Unfortunately for them they overplayed their hand, and did so in full view of the voting public. The Affordable Care Act, the most visible portion of their legislative program,  was implemented with an incompetence born of indecent haste and signaled to the public that something rotten was afoot. The Dodd-Frank Act, which was supposed to reform the broken financial system, did succeed in greatly expanding the scope of federal regulatory agencies, but without giving much reason to believe the banks would become safer as a result. The grab-bag of stimulus programs passed soon began looking like little more than the usual assortment of pork-barrel projects and giveaways to pet constituencies. All of this left a bad aroma in the nostrils of the voting public, and the Democrats soon saw part of their prize taken away from them as they lost control first of the House of Representatives, then the Senate. Since then, the budget deficit and national debt problems have receded somewhat. However, this does not reflect any new "moderation" on the part of our Democrats, only the fact that they no longer possess untrammeled power to follow their native instincts.

           Which brings me to the current election campaign. Due to the supine state  of the Republican party at the present time, it seems virtually certain that, barring a crash of the heavens, Hillary Clinton will be our next President. She has the luxury of calmly taking the political lay of the land right now and considering her options for the kind of administration she will lead.

          In this regard, Bernie Sanders is playing a highly useful role for her. He, first of all, is providing at least the illusion of competition in the race,  which will allow her to enter office with the air of some competitive momentum behind her. The American people like that sort of thing. More importantly, however, he is acting as a stalking horse for leftwing policies in this country. By opening calling himself a Socialist, Sanders is trying to de-stigmatize the term and hopefully the kind of policies it represents. This is not simply a harmless "nod to youthful radicalism" as Keith has characterized it. We should not patronize Mr. Sanders, and we should definitely take him at his word. He is essentially doubling and tripling down on everything Obama tried to start, offering Medicare for all, free college education for all, and no doubt before long free anything else that might appear to have political resonance, all of it financed, of course, by taxes on the "very rich". It's as though Hugo Chavez has been reincarnated here to operate right in the belly of the beast.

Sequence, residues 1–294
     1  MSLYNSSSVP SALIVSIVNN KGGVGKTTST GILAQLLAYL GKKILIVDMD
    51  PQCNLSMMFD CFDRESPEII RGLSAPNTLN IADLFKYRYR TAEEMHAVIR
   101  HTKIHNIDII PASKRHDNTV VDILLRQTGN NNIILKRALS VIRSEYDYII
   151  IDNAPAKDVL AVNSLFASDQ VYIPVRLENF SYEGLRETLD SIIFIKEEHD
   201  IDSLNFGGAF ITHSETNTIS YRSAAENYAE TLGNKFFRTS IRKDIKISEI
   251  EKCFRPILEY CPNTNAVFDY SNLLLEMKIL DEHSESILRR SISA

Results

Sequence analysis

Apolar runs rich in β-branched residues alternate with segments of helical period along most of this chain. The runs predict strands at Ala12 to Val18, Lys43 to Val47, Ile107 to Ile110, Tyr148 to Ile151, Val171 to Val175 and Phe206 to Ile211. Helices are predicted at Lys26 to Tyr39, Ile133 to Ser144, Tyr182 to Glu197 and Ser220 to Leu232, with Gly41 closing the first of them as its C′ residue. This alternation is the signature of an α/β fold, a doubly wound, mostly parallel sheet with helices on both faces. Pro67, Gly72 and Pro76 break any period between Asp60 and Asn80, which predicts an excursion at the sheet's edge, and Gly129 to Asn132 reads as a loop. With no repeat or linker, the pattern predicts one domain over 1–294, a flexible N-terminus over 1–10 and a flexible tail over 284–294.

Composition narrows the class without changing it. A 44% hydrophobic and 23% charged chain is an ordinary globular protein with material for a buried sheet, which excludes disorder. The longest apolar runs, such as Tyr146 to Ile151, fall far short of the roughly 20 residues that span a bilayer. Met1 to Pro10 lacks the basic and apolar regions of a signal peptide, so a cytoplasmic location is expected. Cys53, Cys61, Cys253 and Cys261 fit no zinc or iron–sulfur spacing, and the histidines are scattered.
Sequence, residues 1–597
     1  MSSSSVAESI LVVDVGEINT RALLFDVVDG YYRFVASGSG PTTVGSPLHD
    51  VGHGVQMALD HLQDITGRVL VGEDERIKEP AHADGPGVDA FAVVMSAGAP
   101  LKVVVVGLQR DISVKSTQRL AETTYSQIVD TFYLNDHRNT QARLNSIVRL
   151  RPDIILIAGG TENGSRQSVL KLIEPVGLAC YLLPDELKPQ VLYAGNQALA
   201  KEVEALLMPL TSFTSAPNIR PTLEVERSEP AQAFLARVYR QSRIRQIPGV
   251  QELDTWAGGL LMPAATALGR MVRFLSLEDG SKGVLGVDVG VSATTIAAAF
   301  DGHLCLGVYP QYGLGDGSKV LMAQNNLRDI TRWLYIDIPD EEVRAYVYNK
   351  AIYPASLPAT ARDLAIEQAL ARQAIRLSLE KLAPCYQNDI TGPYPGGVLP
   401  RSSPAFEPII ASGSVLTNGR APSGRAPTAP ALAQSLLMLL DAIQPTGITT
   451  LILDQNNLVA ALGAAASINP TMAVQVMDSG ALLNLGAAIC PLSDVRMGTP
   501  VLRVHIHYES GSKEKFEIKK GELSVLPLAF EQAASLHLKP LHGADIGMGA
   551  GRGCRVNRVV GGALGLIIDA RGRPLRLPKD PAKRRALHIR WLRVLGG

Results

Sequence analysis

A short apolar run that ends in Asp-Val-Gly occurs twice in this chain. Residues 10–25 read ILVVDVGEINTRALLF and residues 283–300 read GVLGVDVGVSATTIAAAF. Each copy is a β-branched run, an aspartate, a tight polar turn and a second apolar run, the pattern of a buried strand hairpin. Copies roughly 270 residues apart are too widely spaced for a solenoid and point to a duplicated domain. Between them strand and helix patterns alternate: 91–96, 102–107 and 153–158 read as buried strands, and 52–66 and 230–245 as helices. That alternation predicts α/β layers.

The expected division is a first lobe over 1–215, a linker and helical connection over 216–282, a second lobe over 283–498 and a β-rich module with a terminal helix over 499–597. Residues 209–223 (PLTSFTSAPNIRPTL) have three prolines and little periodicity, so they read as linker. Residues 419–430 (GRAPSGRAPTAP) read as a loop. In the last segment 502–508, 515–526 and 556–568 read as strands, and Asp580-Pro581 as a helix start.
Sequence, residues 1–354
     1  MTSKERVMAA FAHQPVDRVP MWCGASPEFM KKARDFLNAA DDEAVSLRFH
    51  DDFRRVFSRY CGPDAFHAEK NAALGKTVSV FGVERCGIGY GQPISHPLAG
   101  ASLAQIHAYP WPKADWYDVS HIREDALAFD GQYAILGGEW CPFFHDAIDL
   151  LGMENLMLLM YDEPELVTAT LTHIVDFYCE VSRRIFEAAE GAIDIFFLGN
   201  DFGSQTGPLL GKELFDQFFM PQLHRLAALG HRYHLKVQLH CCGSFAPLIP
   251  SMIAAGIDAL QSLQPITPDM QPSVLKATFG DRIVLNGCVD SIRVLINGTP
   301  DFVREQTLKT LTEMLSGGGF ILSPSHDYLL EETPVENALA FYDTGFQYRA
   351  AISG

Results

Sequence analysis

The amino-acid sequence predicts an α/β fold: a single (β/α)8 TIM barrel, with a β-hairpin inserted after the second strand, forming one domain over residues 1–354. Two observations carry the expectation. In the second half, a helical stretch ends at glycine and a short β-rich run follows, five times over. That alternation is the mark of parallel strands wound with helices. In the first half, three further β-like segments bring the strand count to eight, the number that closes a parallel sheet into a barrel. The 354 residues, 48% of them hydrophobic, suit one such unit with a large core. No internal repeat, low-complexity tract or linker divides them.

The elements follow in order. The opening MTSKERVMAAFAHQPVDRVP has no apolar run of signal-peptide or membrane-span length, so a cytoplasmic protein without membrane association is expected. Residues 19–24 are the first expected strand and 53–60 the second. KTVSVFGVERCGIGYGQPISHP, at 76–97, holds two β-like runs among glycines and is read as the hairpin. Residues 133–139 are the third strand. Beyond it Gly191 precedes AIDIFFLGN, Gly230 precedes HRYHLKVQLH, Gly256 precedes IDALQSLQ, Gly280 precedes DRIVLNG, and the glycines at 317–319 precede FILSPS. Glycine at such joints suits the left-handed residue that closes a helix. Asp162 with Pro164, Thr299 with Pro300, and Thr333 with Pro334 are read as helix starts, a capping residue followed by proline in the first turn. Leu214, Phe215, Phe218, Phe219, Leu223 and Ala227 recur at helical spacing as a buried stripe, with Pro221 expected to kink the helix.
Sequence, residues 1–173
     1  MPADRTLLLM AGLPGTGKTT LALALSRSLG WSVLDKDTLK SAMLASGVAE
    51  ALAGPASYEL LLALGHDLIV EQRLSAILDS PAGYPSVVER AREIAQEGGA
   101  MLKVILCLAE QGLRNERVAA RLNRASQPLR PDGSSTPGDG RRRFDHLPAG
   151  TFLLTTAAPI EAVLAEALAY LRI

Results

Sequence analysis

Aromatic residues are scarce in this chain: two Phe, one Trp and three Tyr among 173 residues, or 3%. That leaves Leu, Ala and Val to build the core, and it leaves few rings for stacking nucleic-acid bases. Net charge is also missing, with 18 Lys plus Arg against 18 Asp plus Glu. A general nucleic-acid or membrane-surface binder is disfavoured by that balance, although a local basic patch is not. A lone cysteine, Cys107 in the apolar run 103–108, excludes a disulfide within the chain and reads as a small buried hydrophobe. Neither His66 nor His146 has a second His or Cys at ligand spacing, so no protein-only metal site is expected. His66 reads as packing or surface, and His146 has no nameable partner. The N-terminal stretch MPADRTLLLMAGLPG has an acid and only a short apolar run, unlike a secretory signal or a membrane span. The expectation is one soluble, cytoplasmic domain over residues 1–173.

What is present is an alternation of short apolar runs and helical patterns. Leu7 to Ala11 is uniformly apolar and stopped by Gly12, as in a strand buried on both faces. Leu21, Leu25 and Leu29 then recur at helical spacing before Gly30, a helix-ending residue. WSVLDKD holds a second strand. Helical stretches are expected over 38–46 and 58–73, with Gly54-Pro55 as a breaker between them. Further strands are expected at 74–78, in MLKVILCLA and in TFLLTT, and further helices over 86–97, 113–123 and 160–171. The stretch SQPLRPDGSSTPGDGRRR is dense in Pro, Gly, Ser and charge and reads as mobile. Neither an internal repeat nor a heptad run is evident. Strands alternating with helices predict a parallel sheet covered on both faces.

Hillary obviously likes Bernie and is watching him closely. We have to remember that her husband's successful tilt to the right always reflected political opportunism more than conviction. Similarly opportunistic, Hillary herself is fully capable of taking a hard turn to the left if she judges it politically expedient. If she determines that Americans perhaps are still balking at hard socialism, she can back gingerly away from it. If, on the other hand,  it starts looking like people maybe are finally ready to abandon their old-fashioned hang-ups and embrace the idea of free stuff for everybody, she could go that way too.

          If you admire the kinds of policies our modern-day Democrats seem to be gravitating towards, you can bath them in whatever laudatory light you choose. Just don't call them the party of moderation.


  1. Mark writes beautifully, and I agree with some of his thoughts here. But his main dispute seems to be a mistaken one with my use of the term "moderate." By that term I mean supporting the free enterprise system and working for reforms that make it better, not overturning it. Let's leave Bernie aside for the moment, although the admiring article about him in this week's Bloomberg Businessweek might be seen as supporting my use of this label even for him. The most likely Democratic candidate is Hillary, and if she's not moderate in the sense I am describing, I can't imagine who is. The Democrats are not supporting a Gene McCarthy or George McGovern, much less a Norman Thomas or Eugene Debs. They have no plans to take over the factories like Truman did, and no need to revolutionize any social systems.

  2. Semantical issues inevitably creep into any discussion of political principles. This problem gets worse whenever we attempt to project contemporary debates into the past. Both Debs and Thomas considered themselves "moderate" too within the context of a political environment in which the standard for "radical" was defined by Lenin, Trotsky and Stalin.
    "Socialism" is, of course, another term that's subject to vague and changing definitions. One might define it in terms of working class living standards relative to a subsistence-level existence as Debs would have recognized it. We might also define socialism in terms of the percentage of economic output that government controls. By either of these definitions, we're already further down the road towards socialism than probably either Debs or Thomas would have dreamed of, yet Bernie Sanders wants to take it much further and do it soon.
    I believe that Sanders is a decent man and that he honestly has no interest in political violence as the means to his end. So, by that standard, I suppose he's moderate, but by any other standard I have a hard time squeezing him down to fit the label.